In a report released today, Connecting to Compete 2014: Trade Logistics in the Global Economy, we summarize the results of the Logistics Performance Index (LPI), and examine some of the factors behind different countries’ performance. The index and report, which have been produced about every two years since 2007, rank countries on a number of dimensions of trade, including customs performance, infrastructure quality, and timeliness of shipments.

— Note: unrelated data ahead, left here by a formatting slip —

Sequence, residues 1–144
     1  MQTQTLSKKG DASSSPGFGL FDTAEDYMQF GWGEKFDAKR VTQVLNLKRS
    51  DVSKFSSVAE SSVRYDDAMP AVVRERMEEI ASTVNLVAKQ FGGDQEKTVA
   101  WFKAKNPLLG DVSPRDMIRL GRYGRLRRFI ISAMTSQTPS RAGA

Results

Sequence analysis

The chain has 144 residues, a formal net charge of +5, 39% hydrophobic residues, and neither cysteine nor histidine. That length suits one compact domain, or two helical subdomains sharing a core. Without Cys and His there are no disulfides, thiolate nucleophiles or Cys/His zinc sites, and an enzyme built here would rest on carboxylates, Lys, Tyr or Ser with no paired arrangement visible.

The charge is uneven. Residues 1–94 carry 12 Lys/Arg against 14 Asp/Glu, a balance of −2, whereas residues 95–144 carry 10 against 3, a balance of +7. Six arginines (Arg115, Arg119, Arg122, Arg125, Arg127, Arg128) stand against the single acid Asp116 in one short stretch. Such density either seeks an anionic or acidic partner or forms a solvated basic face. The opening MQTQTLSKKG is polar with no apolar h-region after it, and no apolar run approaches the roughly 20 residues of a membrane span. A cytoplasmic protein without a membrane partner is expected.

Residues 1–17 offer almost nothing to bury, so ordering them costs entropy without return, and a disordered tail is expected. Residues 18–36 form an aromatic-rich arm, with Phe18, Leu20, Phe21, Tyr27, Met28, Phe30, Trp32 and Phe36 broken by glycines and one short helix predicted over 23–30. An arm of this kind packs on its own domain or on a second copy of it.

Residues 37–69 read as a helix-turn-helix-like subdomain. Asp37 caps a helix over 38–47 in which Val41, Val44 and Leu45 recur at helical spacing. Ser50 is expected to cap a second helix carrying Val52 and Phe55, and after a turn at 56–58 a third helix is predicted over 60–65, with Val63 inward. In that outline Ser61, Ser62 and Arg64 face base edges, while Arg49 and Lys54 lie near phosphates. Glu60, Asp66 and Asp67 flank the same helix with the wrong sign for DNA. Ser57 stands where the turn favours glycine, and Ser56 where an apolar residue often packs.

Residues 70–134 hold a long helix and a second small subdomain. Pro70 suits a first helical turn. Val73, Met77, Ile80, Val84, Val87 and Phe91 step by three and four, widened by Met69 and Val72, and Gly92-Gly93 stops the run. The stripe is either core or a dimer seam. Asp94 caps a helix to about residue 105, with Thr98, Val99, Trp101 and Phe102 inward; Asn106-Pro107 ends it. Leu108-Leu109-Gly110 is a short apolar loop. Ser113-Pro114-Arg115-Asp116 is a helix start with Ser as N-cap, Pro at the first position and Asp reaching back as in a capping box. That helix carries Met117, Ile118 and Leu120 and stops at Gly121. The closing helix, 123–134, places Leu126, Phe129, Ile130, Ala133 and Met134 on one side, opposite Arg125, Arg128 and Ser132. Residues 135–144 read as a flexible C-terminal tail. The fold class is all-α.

Nowadays the importance of efficient supply chains for trade integration is recognized globally. Most sources of friction in the global economy—trade costs—are attributable to logistics bottlenecks. These might be physical deficiencies, red tape, especially at borders, or a lack of quality services. The LPI has greatly helped the realization that policy does matter for efficient logistics, and is widely referred to as a guide by policy-makers, including in rich countries such as those in the EU. It has contributed to creating a dynamic of reforms in many developing countries where the Bank has logistics-oriented programs. We are just back from Georgia and Indonesia, and our team is currently in Rabat, Morocco, where we are promoting projects to integrate supply chains of the Maghreb.